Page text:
RIO DE JANEIRO, BRAZIL – A report from data analytics firm Airfinity forecasts “record sales” and profits for Pfizer and Moderna in 2022, with the companies pricing their vaccines up to US$41 billion above estimated production costs, according to the People’s Vaccine Alliance.
Vaccine makers Pfizer and Moderna are expected to have combined sales of US$93.2 billion in 2022, nearly double this year’s total, according to Airfinity, a health data analytics firm.
Airfinity puts total Covid vaccine sales in 2022 at US$124 billion, according to the Financial Times.
Pfizer’s 2022 vaccine sales are estimated at US$54.5 billion and Moderna’s at US$38.7 billion. The estimates far exceed previous figures of $23.6 billion for Pfizer and US$20 billion for Moderna. “The numbers are unprecedented,” Rasmus Beck Hansen, managing director of Airfinity, told the Financial Times.
According to Airfinity, sales of mRNA injections will continue to increase in 2022 due to booster doses and country bookings for “variant prevention.” According to analysts, Pfizer will generate 64% of its sales and 75% of its sales in high-income countries by 2022.
In April, Pfizer forecast Covid vaccine sales of US$26 billion in 2021. After releasing its second-quarter results, Pfizer raised the figure to US$33.5 billion. Ronny Gal, an analyst at Bernstein, said the company could see an additional US$10 billion in vaccine sales in 2021.
“The second quarter was exceptional in many ways,” said Albert Bourla, Pfizer’s chief executive officer. “The speed and efficiency of our efforts with BioNTech to vaccinate the world against Covid-19 were unprecedented, with more than one billion doses of BNT162b2 administered worldwide.”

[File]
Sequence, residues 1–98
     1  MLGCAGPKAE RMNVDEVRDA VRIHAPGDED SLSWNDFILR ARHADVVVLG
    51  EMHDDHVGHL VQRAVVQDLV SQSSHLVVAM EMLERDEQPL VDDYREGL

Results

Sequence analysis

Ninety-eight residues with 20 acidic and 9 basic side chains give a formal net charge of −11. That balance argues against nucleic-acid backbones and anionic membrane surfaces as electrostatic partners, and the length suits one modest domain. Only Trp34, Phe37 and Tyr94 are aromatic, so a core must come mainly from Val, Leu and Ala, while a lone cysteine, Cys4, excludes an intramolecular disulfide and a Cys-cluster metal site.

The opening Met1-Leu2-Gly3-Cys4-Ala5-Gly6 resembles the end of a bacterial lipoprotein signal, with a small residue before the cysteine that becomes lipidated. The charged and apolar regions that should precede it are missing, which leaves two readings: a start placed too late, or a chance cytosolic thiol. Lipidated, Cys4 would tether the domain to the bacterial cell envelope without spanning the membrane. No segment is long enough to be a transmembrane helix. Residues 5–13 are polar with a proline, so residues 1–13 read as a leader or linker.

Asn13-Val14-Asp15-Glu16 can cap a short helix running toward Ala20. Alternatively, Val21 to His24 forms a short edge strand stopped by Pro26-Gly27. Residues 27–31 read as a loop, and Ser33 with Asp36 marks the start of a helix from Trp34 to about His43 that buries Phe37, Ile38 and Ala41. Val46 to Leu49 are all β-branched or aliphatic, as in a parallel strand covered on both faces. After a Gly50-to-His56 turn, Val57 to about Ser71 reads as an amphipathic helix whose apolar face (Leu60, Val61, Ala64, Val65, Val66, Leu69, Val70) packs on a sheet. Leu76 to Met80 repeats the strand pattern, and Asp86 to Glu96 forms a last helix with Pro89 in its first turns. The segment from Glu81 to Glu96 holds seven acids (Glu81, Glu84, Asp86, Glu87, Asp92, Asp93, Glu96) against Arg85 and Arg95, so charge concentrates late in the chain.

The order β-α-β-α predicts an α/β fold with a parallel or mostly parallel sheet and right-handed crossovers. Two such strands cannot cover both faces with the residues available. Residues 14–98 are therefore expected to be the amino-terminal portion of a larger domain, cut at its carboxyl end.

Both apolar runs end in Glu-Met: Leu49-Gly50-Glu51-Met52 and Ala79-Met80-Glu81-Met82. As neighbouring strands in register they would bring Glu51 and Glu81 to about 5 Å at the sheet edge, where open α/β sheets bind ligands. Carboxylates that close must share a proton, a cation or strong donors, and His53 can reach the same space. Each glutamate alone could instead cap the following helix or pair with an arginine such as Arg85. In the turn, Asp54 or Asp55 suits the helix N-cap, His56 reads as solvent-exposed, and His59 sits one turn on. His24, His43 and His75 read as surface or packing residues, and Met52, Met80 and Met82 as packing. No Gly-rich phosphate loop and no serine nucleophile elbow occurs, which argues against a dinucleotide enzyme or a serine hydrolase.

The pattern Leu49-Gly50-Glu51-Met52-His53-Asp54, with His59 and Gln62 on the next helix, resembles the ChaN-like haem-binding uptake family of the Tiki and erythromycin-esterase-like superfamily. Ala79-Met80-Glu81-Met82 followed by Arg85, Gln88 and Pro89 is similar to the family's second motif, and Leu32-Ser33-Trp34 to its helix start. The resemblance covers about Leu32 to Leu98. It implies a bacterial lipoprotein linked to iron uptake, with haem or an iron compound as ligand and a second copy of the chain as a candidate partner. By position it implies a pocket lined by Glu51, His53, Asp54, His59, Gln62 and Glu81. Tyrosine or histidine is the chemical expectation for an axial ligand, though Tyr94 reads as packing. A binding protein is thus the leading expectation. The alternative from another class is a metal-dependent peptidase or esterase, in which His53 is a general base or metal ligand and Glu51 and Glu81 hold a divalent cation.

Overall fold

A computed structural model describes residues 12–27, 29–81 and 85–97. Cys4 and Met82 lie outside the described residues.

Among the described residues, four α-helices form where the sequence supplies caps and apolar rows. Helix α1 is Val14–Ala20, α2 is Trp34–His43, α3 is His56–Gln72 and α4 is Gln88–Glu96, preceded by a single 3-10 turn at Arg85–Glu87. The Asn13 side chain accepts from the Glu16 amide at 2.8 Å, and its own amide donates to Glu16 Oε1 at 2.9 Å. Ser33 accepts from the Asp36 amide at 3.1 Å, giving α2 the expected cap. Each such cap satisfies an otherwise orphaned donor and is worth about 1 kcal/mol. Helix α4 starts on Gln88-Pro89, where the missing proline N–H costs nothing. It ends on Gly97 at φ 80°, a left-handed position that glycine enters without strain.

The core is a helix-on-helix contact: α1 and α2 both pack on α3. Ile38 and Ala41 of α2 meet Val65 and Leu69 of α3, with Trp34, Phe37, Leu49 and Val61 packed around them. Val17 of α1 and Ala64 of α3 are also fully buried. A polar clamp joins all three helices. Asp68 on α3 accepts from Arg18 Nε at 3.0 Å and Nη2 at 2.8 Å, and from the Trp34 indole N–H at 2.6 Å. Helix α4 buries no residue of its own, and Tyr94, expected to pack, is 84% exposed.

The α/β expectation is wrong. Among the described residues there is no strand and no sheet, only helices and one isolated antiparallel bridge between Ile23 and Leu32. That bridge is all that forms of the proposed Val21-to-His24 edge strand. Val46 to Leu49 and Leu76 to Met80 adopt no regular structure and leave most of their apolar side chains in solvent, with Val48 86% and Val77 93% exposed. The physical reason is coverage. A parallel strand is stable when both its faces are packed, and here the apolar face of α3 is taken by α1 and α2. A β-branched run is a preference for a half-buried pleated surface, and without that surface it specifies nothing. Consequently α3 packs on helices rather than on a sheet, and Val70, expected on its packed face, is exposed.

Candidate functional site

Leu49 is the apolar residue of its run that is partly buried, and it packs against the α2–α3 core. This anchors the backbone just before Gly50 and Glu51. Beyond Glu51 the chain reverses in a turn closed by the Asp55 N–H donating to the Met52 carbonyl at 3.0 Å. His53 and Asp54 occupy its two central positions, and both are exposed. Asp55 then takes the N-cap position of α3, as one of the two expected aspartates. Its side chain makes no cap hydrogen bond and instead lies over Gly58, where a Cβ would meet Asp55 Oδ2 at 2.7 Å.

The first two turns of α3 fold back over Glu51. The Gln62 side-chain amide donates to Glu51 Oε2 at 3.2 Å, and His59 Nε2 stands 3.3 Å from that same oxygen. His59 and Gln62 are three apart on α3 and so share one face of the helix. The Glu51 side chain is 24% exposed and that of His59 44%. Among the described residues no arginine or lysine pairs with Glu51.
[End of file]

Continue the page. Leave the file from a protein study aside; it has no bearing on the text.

In a conference call, Bourla said that while it was too early to talk about its sales expectations for next year, he estimated Pfizer’s 2022 production capacity at 4 billion doses.
According to ActionAid International, a global association working for a world free of poverty and injustice, Moderna, Pfizer, and BioNTech are making “astronomical and outrageous profits” from their monopolies on Covid mRNA vaccines.
Moderna and BioNTech have profit margins of 69% and pay very little in taxes, the People’s Vaccine Alliance said on September 15.
Thanks to patent monopolies on Covid vaccines, whose development was supported by US$100 billion in public money from taxpayers in the U.S., Germany, and other countries, the three corporations generated more than US$26 billion in revenue in the first half of the year.
The alliance also estimates that the three corporations overcharge for their vaccines by as much as US$41 billion over estimated production costs.
“Big Pharma’s business model is gold for wealthy investors and corporate CEOs, but devastating for global public health,” said Robbie Silverman, private sector engagement manager at Oxfam.
Silverman said pharmaceutical companies put their profits first by enforcing their monopolies and selling their vaccines to the highest bidder. “Enough is enough, we need to start putting people before profits,” Silverman said.
According to an analysis by the People’s Vaccine Alliance, based on work by mRNA scientists at Imperial College, Moderna and Pfizer-BioNTech have charged up to 24 times the potential cost of producing their vaccines.
An analysis of production techniques for Pfizer-BioNTech and Moderna, developed with US$8.3 billion in public funding alone, suggests that the same vaccines could be produced for as little as US$1.20 per dose. Pfizer’s contract price for the vaccine in Brazil was US$10 per dose, reputedly one of the lowest in the world.